Germany and the Enclave Tour Autumn 2015, Part 1: The German Driving Situation: the Autobahn

Germany and the enclave Tour 2015 autumn
Germany and the enclave Tour 2015 autumnOverseas drive-related

In addition to the sightseeing section, I’ll be writing a few other little stories over the next few posts. The first one is about « driving and road conditions in Germany ».

Speaking of Germany, « Autobahn

After all, this is it, isn’t it? First of all, let me write about this autobahn.


The Autobahn was originally built before World War II as part of Nazi Germany’s national policy. So, was it for military transportation purposes? But in fact, the focus was to improve new means of automobile transportation such as trucks and private cars, and from there, to spread economic and cultural influence through road transportation to the German sphere of influence. It seems that the military transport capacity at the time was inferior to that of the railways, and motorways were not yet regarded as the mainstay of transport.

The Autobahn was the world’s first fully-fledged motorway network. The construction of the Autobahn was undoubtedly a major cornerstone in the process of making Germany one of the world’s leading automotive powers in later years.


Is there really no speed limit?


The recommended speed is indicated by a blue square with white text.

That said, not all of the Autobahn is without speed limits.

  1. 大きなジャンクション付近
  2. 大きな都市の近隣
  3. カーブやアップダウンがきついところ
  4. 工事区間


Especially, I had an impression that there were a lot of construction works on the Autobahn, though it might have been a coincidence that I drove there this time. I have experienced many highways in various countries in Europe, but I think there were many in Germany.

How many kilometers per hour can you fly?

How much speed can you actually achieve?

Depends on the performance of the car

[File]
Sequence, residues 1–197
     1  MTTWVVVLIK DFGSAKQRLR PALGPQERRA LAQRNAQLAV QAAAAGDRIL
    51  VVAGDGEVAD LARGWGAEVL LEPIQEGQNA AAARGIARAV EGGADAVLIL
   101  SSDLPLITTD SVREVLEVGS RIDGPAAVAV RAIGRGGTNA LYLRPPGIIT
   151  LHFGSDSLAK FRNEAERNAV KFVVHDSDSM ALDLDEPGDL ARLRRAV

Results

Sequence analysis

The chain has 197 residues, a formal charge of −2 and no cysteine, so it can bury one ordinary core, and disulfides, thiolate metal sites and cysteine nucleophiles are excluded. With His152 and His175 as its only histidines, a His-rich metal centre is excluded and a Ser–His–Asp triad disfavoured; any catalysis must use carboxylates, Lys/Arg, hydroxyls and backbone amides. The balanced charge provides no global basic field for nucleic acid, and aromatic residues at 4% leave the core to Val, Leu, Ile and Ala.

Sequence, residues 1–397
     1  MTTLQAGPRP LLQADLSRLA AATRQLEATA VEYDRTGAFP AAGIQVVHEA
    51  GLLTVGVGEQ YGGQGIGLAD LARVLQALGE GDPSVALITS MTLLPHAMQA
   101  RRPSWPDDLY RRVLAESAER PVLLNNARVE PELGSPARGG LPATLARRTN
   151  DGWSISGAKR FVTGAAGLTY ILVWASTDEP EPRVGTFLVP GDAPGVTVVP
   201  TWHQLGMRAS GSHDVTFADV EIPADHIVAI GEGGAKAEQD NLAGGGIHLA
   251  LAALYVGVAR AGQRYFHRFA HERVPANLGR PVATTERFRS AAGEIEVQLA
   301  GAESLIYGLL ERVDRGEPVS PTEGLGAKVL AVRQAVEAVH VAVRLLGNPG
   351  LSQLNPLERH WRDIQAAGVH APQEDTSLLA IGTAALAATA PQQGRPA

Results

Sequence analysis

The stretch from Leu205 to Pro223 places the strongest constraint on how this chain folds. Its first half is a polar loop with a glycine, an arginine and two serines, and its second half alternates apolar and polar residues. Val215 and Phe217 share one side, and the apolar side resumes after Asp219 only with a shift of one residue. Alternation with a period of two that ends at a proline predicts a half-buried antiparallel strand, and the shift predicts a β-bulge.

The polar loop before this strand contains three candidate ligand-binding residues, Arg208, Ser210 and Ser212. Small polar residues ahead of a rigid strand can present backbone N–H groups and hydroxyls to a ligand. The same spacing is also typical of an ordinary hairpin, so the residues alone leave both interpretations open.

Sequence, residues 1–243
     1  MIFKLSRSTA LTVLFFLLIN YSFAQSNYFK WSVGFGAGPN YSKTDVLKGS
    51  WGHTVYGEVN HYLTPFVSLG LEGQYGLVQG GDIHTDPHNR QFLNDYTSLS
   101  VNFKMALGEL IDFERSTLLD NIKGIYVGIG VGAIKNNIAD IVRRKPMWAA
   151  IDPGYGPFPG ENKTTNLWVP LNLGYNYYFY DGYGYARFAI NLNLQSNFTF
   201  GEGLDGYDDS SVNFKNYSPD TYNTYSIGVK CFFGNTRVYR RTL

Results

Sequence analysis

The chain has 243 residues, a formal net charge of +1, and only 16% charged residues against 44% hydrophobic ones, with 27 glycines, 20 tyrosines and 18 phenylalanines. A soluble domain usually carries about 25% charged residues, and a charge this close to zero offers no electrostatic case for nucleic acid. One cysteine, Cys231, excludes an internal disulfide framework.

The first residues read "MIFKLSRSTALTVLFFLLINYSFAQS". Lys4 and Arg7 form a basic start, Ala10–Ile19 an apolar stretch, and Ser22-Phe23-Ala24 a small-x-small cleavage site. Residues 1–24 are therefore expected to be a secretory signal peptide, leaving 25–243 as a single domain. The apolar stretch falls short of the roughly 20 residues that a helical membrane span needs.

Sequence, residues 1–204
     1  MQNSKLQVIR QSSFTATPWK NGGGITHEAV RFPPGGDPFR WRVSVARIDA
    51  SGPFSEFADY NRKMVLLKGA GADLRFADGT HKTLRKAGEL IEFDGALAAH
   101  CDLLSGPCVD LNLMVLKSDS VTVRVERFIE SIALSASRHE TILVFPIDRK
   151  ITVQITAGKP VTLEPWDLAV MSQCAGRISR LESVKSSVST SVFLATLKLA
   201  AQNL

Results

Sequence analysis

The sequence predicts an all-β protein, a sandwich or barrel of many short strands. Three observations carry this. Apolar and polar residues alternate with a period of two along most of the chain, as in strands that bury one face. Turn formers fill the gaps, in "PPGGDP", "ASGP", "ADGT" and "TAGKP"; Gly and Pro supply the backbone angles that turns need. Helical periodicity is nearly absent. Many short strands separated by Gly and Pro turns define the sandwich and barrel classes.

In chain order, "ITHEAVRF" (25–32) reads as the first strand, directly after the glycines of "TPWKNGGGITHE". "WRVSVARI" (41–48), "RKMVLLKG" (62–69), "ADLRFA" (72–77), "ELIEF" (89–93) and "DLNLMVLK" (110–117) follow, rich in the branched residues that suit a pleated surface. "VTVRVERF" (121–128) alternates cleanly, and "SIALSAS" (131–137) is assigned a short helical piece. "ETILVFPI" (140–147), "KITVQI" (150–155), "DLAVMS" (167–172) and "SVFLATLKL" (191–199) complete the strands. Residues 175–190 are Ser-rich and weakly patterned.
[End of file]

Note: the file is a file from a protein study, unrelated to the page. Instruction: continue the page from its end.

Brühl 20100814-IMG_0315

In 2010, I was able to rent a BMW.

Depends on the course layout

This is also obvious, but it depends on the layout of the Autobahn. If it’s a fairly long straight, downhill, and open, you can go very fast. Of course, there are not many such sections in reality. But they definitely exist. I tried my best to go 200km/h in such places. In addition, the width of the road is wide enough.

The average speed on the unlimited distance section is around 150km/h


You’ll end up catching up to the car in front of you or the speed limit section faster very soon.


You can enjoy a sense of speed that you cannot experience in Japan, but I think it is easy and safe to keep driving at 150km/h (still fast enough!) I think it is mentally easy and safe to keep driving at 150km/h (still fast enough!).

Other Features

Here are some other things I noticed.

Is the Autobahn free?

All lines are free. You don’t get « viniets » like in Austria and Switzerland.

What’s the service area like?

Of course, there is one every 50km or so, but I don’t think there are as many as in France or Italy. A service area has a gas station, a parking lot, a shop and a restaurant. There are also many areas with only parking. These areas are similar to other European countries.

On this trip, we stopped at a service area and had some currywurst.

Autobahn etiquette

I think it’s very good.

  1. 追い越し車線にずっといるクルマはいない ← すぐに速いクルマ(Audiやポルシェ)が迫ってきます
  2. 遅い車は積極的に右側(走行車線)に寄り、道をゆずる
  3. 必ず左側から抜く
  4. 車線変更がスムーズにできる、強引に割り込まれたくらいで怒る人やクラクションを鳴らす人は皆無

There are many things that the Japanese should learn from.